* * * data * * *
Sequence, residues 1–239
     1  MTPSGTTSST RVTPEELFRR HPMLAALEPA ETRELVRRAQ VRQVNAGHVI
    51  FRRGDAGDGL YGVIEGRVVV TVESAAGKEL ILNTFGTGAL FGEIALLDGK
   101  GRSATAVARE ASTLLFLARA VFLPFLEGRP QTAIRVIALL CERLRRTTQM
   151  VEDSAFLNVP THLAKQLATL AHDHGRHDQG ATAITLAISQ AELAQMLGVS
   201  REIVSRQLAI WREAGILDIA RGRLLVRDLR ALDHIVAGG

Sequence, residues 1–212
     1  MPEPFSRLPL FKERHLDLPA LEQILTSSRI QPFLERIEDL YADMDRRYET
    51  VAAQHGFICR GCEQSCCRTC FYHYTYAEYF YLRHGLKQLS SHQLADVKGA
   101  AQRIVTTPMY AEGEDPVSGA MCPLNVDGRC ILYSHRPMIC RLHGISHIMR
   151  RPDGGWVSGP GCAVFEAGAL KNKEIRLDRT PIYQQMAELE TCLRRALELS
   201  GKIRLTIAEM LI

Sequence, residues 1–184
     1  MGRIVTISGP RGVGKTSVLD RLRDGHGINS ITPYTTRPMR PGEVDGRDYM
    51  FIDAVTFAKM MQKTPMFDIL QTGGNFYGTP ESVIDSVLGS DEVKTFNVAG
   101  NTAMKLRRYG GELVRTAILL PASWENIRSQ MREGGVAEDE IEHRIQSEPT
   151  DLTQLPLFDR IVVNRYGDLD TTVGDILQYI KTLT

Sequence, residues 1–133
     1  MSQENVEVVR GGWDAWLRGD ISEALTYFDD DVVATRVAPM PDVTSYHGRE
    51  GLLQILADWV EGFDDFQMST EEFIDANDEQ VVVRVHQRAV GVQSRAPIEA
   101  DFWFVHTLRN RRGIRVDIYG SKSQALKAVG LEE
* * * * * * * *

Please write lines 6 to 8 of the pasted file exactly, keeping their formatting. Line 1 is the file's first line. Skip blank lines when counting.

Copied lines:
   201  REIVSRQLAI WREAGILDIA RGRLLVRDLR ALDHIVAGG

Sequence, residues 1–212
     1  MPEPFSRLPL FKERHLDLPA LEQILTSSRI QPFLERIEDL YADMDRRYET